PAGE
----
A portrait of Jesus hanging in a Jackson Middle School hallway has been the focus of debate.
Last month, a crowd of hundreds told local school officials that they wanted it to stay.
Last week, the Freedom from Religion Foundation and American Civil Liberties Union of Ohio filed a lawsuit against the district on behalf of a student and two parents.
The suit argues the portrait "imposes the beliefs of one particular religion" upon the children, making the plaintiffs "feel like outsiders who are being coerced by their government into observing the religious portrait.”
On Tuesday, the district's attorneys said it is not about the U.S. Constitution versus public sentiment. It's about whether the portrait is private speech or government speech.
Since the picture of Jesus was placed by the Hi-Y student group, the attorneys believe it is their private speech, not the district's, and therefore can stay.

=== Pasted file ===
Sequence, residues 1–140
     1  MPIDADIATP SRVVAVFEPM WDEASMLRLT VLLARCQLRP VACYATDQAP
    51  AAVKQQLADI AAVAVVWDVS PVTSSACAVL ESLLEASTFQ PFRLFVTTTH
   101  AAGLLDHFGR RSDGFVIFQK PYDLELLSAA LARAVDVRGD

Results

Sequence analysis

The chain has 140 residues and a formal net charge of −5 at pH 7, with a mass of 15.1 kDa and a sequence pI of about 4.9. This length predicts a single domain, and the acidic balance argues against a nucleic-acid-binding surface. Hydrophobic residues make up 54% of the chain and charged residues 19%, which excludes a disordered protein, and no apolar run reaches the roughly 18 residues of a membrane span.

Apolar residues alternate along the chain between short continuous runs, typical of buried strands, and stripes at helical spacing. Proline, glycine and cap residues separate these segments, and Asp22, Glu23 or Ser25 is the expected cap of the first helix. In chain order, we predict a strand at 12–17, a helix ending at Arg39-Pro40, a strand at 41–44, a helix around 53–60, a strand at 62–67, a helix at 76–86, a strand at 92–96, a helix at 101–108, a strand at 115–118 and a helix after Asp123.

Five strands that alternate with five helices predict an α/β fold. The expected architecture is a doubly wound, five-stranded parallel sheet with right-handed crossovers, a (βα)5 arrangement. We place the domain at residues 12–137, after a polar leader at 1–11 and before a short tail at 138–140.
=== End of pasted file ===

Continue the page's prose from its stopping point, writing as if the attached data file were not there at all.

“What the Supreme Court has said is that in a government building, if you allow free speech, then you're not allowed to discriminate against that speech because of its religious viewpoint,” said Hiram Sasser, Liberty Institute.
The school board voted to establish a limited public forum to allow other student groups to post similar portraits.
“Let me give you a perfect example, the French Club could put up a picture of the Eiffel tower,” said Phil Howard, Jackson City Schools superintendent.
The attorney representing the district said the Hi-Y club is still in existence in Jackson and has hired its own attorney to make sure its portrait stays put.
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